At the end of each Serie A league season, the team that finishes first is awarded the Scudetto, a crest of the Italian national flag which is then worn on the matchday shirt the following season to indicate the club's status of reigning Italian Champions. The victorious side also receives the league trophy and direct access to the Champions League
Juventus followed the victorious end to the previous season with back to back wins in their first three games, but began to fall behind the steadily advancing Milan sides after successive draws at home against Parma and Como.
After the international break, it was Inter against Juve, a perfect opportunity for the Nerazzurri to dispose of a title rival in the early stages of the season. But the Bianconeri had other ideas: they secured an important draw, having only lost their 1-0 lead to a goal frantically bundled in late on during a goalmouth scramble which saw the Nerazzuri goalkeeper Toldo join the attack.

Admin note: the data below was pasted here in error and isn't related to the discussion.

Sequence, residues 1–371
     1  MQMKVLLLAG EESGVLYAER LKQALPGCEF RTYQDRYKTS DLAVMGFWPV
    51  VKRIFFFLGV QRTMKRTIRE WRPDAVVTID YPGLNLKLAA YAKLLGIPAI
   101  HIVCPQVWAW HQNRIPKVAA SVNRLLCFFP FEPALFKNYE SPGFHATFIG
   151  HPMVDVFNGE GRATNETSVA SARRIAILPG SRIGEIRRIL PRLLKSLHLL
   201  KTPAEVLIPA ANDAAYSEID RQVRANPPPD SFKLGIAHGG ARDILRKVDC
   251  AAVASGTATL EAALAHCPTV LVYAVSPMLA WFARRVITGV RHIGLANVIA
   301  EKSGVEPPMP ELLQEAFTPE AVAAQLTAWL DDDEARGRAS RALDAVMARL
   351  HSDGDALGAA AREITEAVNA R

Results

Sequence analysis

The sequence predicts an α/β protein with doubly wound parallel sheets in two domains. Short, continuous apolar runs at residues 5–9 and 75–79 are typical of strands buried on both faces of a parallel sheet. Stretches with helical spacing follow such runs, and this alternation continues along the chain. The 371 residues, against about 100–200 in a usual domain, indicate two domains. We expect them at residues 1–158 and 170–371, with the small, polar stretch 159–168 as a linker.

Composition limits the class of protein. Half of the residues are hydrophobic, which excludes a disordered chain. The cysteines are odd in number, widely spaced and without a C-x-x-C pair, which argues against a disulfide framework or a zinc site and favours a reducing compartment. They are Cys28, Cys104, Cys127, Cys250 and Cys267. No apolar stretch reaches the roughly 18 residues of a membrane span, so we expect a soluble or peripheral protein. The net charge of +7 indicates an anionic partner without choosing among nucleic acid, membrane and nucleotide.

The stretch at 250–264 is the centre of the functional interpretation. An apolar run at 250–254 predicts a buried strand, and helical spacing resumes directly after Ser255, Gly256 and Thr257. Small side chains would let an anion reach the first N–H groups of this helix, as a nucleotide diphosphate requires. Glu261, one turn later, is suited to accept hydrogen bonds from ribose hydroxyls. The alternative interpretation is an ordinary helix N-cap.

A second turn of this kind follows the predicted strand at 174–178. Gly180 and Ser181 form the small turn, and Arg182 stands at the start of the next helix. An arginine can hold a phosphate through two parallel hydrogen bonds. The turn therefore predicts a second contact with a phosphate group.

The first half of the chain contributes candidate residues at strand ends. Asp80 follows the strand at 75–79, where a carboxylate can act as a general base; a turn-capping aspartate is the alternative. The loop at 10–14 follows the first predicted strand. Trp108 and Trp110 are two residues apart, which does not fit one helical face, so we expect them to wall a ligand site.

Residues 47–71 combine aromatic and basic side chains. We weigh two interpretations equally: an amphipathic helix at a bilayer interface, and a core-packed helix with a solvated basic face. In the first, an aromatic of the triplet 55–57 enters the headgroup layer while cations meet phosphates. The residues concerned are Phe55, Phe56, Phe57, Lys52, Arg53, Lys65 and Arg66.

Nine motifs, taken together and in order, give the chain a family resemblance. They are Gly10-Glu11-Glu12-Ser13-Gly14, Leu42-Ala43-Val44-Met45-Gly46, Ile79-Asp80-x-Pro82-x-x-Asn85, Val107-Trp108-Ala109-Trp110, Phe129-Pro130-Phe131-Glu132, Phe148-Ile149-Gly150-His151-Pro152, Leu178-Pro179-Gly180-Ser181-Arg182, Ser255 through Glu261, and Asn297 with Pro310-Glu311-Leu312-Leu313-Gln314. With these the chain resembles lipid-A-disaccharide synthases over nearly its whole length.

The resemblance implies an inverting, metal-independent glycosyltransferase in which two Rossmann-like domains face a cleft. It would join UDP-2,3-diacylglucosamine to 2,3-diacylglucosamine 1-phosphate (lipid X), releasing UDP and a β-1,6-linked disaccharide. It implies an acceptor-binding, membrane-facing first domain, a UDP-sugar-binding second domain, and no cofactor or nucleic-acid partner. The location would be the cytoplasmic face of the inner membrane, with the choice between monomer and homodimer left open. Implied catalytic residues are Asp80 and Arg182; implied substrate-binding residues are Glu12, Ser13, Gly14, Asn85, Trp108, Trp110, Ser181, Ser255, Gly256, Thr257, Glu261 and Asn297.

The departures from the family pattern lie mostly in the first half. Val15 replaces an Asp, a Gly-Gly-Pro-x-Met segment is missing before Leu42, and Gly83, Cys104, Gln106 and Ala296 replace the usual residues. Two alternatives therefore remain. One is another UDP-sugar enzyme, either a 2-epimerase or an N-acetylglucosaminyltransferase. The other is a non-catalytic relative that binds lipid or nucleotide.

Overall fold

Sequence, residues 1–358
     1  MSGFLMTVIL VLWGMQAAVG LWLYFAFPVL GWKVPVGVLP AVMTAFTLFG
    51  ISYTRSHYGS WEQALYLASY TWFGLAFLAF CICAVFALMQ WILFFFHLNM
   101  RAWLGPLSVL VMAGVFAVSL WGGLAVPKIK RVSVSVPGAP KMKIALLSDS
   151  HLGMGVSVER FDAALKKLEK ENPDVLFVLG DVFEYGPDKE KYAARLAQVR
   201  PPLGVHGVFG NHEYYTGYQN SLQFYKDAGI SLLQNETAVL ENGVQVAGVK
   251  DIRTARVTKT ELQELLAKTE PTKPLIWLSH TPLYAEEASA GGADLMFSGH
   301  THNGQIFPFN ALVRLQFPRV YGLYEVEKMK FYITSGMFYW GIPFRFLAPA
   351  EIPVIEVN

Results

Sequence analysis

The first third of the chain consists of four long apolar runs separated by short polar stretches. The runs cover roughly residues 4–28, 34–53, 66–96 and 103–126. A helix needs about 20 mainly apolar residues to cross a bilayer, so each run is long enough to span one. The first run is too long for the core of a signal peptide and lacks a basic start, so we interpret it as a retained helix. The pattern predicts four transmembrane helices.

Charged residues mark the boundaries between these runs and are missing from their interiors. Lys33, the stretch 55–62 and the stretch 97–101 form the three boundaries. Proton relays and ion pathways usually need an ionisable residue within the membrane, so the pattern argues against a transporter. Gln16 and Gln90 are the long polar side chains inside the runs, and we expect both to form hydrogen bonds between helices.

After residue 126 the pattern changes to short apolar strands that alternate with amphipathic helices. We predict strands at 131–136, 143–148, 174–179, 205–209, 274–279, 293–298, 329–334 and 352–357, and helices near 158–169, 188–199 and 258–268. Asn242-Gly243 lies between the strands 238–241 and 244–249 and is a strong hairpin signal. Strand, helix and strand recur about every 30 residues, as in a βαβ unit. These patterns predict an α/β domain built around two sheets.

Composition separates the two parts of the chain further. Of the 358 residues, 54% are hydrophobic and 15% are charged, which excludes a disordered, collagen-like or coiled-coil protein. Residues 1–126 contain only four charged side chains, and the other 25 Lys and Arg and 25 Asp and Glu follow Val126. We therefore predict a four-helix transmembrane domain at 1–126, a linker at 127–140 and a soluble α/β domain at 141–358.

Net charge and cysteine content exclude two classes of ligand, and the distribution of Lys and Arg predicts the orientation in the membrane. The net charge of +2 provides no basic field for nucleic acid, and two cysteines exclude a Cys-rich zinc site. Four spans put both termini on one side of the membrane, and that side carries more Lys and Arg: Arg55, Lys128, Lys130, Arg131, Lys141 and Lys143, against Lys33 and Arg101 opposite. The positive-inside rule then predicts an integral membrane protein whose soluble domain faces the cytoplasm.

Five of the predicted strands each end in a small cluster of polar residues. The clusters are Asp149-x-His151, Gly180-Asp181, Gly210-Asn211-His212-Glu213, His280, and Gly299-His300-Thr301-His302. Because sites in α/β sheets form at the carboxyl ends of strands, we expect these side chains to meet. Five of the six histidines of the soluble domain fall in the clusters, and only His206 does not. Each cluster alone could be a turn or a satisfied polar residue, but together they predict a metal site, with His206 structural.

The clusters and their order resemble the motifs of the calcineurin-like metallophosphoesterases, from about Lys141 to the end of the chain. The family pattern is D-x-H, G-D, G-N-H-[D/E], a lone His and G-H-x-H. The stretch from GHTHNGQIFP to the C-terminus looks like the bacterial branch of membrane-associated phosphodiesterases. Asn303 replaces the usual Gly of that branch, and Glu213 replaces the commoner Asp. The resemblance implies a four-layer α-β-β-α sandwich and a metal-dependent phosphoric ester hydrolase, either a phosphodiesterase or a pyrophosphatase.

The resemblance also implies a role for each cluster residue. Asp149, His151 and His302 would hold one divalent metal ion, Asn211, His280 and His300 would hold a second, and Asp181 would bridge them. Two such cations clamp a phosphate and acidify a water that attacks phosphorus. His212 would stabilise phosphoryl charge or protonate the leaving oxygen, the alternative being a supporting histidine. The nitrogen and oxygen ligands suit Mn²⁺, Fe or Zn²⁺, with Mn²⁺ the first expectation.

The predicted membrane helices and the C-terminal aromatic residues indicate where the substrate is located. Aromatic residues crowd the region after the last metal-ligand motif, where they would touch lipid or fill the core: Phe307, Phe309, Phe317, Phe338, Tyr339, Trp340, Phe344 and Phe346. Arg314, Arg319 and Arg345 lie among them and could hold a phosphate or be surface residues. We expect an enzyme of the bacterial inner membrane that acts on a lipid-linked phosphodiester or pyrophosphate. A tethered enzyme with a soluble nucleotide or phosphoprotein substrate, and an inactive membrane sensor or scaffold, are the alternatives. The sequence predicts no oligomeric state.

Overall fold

Juve’s comeback in the league began with a 1-0 win against Bologna, became more secure when a superb Bianconeri played a devastating first half against Milan to produce a 2-1 win, and was confirmed when they swept Torino aside 4-0 in the derby.
Yet Lippi’s men still found themselves behind Inter and Milan, and losses against Brescia and Lazio meant that they had work to do.
Their subsequent victory over Piacenza was dedicated by the squad and supporters to the memory of Gianni Agnelli, who had passed away a few days before.
That same Sunday, Milan lost in Perugia, while on the next matchday Inter lost against Chievo. This piece of luck for Juve proved a springboard to a string of successes, and a 2-2 draw against Perugia on 10 May was all that was needed to secure the Scudetto title two games before the end.
It was a meaningful victory overall given the sad death of Gianni Agnelli, and credit should to go to Pavel Nedved, whose exceptional performances in often difficult circumstances were pivotal.